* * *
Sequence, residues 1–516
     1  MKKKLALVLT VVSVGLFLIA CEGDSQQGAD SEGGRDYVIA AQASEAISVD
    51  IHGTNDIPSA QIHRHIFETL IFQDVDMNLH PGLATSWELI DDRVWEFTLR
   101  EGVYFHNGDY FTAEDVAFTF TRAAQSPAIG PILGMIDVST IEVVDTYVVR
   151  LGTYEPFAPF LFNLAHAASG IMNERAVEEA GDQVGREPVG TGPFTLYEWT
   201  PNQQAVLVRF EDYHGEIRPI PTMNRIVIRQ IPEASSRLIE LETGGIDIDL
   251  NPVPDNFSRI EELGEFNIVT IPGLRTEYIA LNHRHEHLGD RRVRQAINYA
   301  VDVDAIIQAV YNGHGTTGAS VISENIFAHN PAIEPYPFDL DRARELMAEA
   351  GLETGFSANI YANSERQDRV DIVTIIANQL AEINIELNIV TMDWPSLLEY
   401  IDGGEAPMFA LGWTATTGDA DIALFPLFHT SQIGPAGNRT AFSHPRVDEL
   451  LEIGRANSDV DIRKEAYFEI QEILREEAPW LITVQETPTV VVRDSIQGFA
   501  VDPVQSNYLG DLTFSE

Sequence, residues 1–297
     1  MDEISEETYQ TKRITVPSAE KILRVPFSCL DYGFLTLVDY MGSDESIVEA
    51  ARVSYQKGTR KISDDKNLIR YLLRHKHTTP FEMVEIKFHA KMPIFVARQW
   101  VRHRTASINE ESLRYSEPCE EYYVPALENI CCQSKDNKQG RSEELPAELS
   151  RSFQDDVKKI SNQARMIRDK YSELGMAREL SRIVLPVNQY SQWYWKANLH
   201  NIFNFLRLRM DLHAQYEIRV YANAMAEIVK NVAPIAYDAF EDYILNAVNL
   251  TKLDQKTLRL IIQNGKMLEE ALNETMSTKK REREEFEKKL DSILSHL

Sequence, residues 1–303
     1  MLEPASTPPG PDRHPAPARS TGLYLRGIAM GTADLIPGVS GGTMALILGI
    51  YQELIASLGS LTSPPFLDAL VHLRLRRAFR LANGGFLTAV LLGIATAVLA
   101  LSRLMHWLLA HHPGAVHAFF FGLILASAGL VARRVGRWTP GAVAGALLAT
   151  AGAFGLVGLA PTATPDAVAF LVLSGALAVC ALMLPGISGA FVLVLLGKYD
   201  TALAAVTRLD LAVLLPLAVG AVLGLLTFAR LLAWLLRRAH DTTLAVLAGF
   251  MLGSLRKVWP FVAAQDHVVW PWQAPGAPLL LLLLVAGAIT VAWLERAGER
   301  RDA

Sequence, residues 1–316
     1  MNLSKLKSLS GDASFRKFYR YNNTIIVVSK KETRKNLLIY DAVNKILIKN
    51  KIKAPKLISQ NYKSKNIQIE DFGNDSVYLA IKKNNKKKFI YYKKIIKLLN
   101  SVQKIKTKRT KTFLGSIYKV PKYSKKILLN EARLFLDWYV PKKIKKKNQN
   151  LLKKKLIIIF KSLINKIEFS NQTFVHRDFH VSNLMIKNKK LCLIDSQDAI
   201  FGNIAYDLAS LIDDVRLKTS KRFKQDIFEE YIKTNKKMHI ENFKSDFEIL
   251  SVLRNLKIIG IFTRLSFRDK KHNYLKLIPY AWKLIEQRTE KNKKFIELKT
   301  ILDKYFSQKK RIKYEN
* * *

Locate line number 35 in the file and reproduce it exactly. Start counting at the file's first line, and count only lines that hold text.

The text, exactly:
   301  ILDKYFSQKK RIKYEN